Roscommon manager Kevin McStay was already preparing for a clash with his native Mayo long before the quarter-final draw pairings were confirmed “because of the way the stars have aligned”.
The Connacht champions meet last year’s beaten All-Ireland finalists in a novel pairing, having not tasted success over Mayo in their last seven championship meetings.
Roscommon claimed the Connacht title when they shocked reigning champions Galway 2-15 to 0-12 at Pearse Stadium earlier this month. It’s worth noting that it was a Galway team that had knocked out Mayo earlier.
Mayo, though, bounced back to beat Derry, Clare, and Cork through the qualifiers to earn themselves a spot in final eight.
Roscommon have not beaten Mayo in the championship since the 2001 provincial final and this will only be Roscommon’s third game in this year’s championship, compared to Mayo’s six games.
McStay was born in Mayo and the former Ballina Stephenites clubman managed his counterpart Stephen Rochford when he was in charge of the Mayo U21 side in 1999. McStay says it’s a bit disappointing that Roscommon had a relatively lengthy lay-off and didn’t know who they would be facing up until last Saturday evening.
“What’s a bit unfair about the current system is that we are the champion team and we are the team that’s disadvantaged,” said McStay.
“We were scouting three teams, we have people at the different games, tapes were being run through and then late on Saturday night two of them are thrown in the bin, essentially. Whereas the team we were playing, they knew immediately who their opponent was, but we have been half-thinking all along that it would probably be Mayo, just because of the way the stars have aligned.
“That was probably the team that we were leaning towards in terms of our analysis. We had three teams to scout, we don’t have those sort of resources, so we took on scouting Mayo ourselves, and left the other two to another company.”
Mayo haven’t won an All-Ireland since 1951, but they have regularly contested finals in recent years and have only lost on five of their last 18 visits to Croke Park for championship games.
Last year, Mayo were also beaten by Galway in the Connacht semi-final, but bounced back to defeat Fermanagh, Kildare and Westmeath in the qualifiers.
They took Dublin to a replay in the All-Ireland final before only losing, while Roscommon limped out in Round 4 against Clare.
Roscommon were hammered in last year’s Connacht final by Galway and were relegated from Division 1 of the Allianz League this season, when they finished bottom, with just one solitary victory, over Cavan, in the final round.
McStay is also aware that, on their first championship visit back to Croke Park since 2011, Roscommon will have to cope physically with the Mayo onslaught.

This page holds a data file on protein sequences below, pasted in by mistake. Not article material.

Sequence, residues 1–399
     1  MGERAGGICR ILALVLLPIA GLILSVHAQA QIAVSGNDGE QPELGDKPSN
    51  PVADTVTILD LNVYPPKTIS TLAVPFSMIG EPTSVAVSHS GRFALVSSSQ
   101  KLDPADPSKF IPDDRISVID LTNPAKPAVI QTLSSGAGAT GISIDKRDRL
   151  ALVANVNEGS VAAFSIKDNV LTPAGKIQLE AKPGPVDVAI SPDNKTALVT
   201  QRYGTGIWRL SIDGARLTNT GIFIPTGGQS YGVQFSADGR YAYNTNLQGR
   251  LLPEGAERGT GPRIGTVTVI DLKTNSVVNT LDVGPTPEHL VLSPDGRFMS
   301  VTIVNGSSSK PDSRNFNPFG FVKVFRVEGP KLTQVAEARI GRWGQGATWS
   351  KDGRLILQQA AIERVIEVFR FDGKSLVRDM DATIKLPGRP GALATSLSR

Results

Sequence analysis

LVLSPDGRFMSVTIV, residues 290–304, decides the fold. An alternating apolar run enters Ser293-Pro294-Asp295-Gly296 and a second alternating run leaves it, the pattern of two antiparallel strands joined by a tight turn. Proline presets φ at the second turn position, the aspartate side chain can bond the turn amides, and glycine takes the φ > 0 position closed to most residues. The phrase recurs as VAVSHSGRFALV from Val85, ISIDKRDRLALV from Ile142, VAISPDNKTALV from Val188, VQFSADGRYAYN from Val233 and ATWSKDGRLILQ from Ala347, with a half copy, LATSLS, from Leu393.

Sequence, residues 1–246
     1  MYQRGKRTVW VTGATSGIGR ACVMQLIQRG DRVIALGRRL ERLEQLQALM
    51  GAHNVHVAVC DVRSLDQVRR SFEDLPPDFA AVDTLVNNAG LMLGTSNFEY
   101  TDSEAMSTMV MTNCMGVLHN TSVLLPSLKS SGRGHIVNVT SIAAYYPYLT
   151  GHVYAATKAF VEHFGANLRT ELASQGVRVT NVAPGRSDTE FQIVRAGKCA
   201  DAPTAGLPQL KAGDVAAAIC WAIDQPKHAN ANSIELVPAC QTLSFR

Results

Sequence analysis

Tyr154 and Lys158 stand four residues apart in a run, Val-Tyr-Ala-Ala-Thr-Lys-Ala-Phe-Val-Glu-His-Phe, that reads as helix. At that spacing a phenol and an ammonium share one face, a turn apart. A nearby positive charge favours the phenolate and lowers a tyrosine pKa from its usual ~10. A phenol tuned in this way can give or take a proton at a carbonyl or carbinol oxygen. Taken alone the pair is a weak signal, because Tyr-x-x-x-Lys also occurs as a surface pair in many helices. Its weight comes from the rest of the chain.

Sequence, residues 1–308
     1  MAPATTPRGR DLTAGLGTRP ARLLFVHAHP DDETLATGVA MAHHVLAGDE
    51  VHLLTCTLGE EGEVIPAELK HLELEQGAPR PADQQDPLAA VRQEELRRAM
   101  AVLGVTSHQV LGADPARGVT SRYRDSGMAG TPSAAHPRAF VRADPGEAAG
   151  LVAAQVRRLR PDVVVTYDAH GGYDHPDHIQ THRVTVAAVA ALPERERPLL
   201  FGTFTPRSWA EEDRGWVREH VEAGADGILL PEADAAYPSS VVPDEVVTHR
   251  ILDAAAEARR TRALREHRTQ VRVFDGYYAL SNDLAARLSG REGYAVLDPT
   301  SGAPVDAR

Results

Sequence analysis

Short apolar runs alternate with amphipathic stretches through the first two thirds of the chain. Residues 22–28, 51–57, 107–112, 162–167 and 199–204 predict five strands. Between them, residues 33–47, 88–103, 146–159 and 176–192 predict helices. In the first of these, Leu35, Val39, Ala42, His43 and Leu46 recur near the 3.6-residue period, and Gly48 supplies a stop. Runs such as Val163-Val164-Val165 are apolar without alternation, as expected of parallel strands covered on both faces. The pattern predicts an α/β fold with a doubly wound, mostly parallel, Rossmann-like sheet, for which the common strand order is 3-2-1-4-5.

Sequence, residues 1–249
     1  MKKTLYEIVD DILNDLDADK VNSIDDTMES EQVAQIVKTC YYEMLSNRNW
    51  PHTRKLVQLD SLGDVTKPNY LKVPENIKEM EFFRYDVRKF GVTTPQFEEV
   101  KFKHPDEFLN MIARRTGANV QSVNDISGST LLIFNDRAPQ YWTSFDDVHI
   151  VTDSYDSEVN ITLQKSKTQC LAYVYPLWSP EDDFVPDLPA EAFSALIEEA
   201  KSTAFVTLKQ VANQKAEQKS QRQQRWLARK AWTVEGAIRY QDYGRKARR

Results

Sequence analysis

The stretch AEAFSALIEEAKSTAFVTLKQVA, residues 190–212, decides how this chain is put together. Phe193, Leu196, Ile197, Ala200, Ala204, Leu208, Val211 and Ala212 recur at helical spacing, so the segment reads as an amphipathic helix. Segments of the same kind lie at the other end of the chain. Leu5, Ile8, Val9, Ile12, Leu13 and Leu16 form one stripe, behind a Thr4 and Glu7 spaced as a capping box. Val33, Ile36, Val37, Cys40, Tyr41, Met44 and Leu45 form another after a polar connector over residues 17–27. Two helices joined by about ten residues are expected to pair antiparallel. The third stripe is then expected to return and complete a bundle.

“What are their strengths? Experience is an obvious one,” said McStay.
“Even though they struggled for periods in all of their matches this year, particularly in the qualifiers, they were able to somehow work themselves out of it. That is a fantastic sign in a team. Beyond that, the camaraderie of the group that has built up over that period of time.
“Their power is the biggest single challenge. They get to a stage where they just bully us. They almost tease you to kick the ball out to them. They have a way of dominating you in the tackle or in the kick-out and that puts pressure on all of us, but we did two years in Division 1 now with the good, the bad, and the ugly and we would be much better at riding out that storm.
“They also have four or five top-drawer players: Aidan O’Shea, obviously, Cillian O’Connor, Diarmuid O’Connor, Andy Moran. They are big threats, and then Keith Higgins, Colm Boyle, Lee Keegan, they are multiple All Stars but that’s the challenge, that’s the beauty of it.
Mayo beat Roscommon 1-19 to 0-14 when they met in the league on February 25, but just over five months down the road McStay is confident his side are capable of finding more after their big nine-point win over Galway.
“We played very well in the Connacht final, but after the 14th minute we stopped scoring, we were at 1-6, but had seven wides in a row,” said McStay.
“We came out in the second-half got a big start with the goal and then we downed tools for another 15 or 20 minutes.
“We certainly don’t define that as playing great in the Connacht final, in the first quarter and the last quarter we were very strong.
“But there was a fair speed wobble in the middle.
“That’s something we know we wouldn’t get away with against Mayo in Croke Park.”
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